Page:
More Americans Support Gay Adoption

Public support for allowing gay couples to adopt children has risen to a slim plurality in the latest ABCNEWS.com poll.

Supporters of same-sex adoption now outnumber opponents, if only slightly, for the first time in 10 years of polling on the subject. Forty-seven percent think gay couples should be legally permitted to adopt while slightly fewer, 42 percent, disagree.

Opponents, once firmly in the majority, now hold a minority view. Their ranks are down 23 points since a 1994 poll and 15 points since 1998.

There has been renewed debate on this issue since talk show host Rosie O'Donnell spoke out last month against a 1977 Florida law that prohibits adoption by homosexuals.

Big Splits on the Issue

There are large cleavages in the American public on this issue. Most younger adults, women, and those with more education support adoption by homosexuals. Older adults, men, and the less-educated don't.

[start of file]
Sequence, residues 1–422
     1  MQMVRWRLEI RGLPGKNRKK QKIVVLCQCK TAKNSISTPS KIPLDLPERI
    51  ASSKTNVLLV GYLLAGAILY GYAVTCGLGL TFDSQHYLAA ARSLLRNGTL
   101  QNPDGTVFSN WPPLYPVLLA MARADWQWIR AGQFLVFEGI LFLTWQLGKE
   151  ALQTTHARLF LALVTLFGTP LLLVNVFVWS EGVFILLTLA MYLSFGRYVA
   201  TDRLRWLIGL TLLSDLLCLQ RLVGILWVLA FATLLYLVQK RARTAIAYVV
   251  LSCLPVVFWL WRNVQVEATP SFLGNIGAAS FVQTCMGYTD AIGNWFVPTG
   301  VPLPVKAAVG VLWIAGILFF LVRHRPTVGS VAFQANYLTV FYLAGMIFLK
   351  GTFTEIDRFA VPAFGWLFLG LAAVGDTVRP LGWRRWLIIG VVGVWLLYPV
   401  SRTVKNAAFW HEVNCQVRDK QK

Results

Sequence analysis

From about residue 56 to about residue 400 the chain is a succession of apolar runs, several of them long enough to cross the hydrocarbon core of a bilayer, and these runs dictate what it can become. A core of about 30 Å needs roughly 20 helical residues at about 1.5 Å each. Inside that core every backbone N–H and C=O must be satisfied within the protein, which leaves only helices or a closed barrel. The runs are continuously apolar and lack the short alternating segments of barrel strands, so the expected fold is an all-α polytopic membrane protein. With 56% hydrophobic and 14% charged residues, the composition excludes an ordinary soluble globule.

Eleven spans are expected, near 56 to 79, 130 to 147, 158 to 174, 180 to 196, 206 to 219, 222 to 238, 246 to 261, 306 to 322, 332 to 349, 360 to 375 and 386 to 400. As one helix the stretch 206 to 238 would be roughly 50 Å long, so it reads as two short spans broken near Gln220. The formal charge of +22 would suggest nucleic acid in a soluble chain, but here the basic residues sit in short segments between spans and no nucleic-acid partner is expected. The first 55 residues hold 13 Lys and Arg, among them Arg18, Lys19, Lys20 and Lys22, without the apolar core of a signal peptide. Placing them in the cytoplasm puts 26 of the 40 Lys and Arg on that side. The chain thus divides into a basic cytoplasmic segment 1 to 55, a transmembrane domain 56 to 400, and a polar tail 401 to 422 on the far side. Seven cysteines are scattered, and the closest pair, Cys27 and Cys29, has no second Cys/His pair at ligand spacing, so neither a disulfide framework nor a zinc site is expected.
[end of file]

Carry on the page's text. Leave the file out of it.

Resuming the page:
There are also regional differences. Majorities in the East and Midwest are supportive; most in the South are not.

Partisanship plays a large role in these views. Most Democrats and Independents support adoption by gays, while Republicans oppose it by a 2-1 margin.

Methodology

This ABCNEWS.com survey was conducted by telephone March 27-31, 2002, among a random national sample of 1,031 adults. The results have a three-point error margin. Sampling, data collection and tabulation by TNS Intersearch of Horsham, Pa.

Previous ABCNEWS polls can be found in our Poll Vault.

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